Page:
Can Oxygen Be a Threat?

Yes. The beautiful tunnel in the Blue Hole is about 300 feet down, but oxygen starts to become toxic at 184 feet unless a special mixture is used. Just like nitrogen, oxygen behaves differently under extreme pressure, and that can quickly cause damage to the body.

The most common problem arising from oxygen while diving is known as hyperoxia. This form of oxygen toxicity tends to result in breathing problems, myopia, and disorientation. Actually developing hyperoxia is rare thanks to developments in diving technology, but going too deep can still trigger problems.

This is especially true with mixes for deep dives, which can go as high as 100% pure oxygen. In most areas, you’ll need to show proof of qualification and training before you’re allowed to buy high-oxygen tanks or mixes.

For added help while diving, you may want to spend time breathing oxygen-rich mixtures above the waves to get a better sense of how it affects your body. Going to oxygen bars may help you get used to the feeling (although the high pressure when diving means the air you breathe in places like the Blue Hole will be different).

More importantly, however, practicing your equalization and can help you learn to slow down. When you’re fascinated by an underwater monument, it’s easy to descend quicker than you should. By turning your descent into a more deliberate experience, you’ll be able to minimize your risks.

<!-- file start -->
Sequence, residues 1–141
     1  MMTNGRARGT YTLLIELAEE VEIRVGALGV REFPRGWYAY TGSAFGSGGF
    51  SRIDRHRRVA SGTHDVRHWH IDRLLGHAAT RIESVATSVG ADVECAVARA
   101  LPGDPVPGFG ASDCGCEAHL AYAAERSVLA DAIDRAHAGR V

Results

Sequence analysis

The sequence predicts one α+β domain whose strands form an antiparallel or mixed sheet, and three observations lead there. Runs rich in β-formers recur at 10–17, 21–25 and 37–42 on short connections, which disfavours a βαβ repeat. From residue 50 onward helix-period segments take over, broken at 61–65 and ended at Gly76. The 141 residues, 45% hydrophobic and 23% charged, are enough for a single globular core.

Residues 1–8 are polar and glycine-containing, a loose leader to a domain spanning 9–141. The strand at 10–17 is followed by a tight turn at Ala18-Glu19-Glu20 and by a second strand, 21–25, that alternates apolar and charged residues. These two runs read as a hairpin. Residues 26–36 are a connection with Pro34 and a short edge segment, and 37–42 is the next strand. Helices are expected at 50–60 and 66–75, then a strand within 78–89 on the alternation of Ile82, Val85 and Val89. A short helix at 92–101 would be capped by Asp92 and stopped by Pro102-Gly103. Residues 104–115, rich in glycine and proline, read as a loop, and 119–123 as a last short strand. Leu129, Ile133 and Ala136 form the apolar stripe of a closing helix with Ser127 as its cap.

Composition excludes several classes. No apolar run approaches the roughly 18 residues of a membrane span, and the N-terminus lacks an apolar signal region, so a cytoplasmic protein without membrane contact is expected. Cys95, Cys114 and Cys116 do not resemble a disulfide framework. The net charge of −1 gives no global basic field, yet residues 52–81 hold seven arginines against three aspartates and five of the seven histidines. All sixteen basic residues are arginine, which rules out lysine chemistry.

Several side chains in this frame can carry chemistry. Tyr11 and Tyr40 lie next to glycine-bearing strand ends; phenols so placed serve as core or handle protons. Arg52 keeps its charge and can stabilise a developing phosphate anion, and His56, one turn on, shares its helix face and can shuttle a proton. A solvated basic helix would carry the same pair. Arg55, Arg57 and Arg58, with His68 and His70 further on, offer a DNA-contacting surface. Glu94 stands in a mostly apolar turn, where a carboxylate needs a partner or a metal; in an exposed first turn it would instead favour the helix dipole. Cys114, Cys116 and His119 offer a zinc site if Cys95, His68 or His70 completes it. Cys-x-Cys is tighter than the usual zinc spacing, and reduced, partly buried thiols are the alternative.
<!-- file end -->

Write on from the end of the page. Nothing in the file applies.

In short, given the dangers that exist at these depths, diving into the Blue Hole is only safe when you’ve made the correct preparations. That includes adjusting to the pressures and using the right gas mix to let you stay down and enjoy the area.

How Experienced Should I Be To Dive Into The Blue Hole?

Dive Into The Blue Hole
Photo credit to Pinterest

At this point, you may be asking “What should divers do for their own safety?” It’s true that whatever the cause of the (many) deaths in the Blue Hole is, you’re asking for trouble if you go there without adequate experience. We recommend the following plan.

First, get used to making deep dives on a regular basis. On each trip, you should go 25 feet further down each time until you regularly dive to 300 feet or more. This should only be done under the supervision of another experienced deep diver. With this, you’ll have a better understanding of the effects of depth and pressure on your body and how long you can safely remain underwater.

Taking things step by step will also help you determine if you’re at risk for any other problems. For example, some people experience the symptoms of Nitrogen Narcosis at as little as 30 feet, while others can go up to 180 feet before they begin experiencing significant effects.

This is more biology than training, and while you can cope with the effects, you cannot develop a tolerance to Nitrogen Narcosis. Our bodies – unfortunately – don’t work that way. If you dive 100 feet on a normal diving mix, you’re almost guaranteed to suffer this condition. The worst part is that you may not even notice it because the first symptom tends to be an assumption that everything is fine.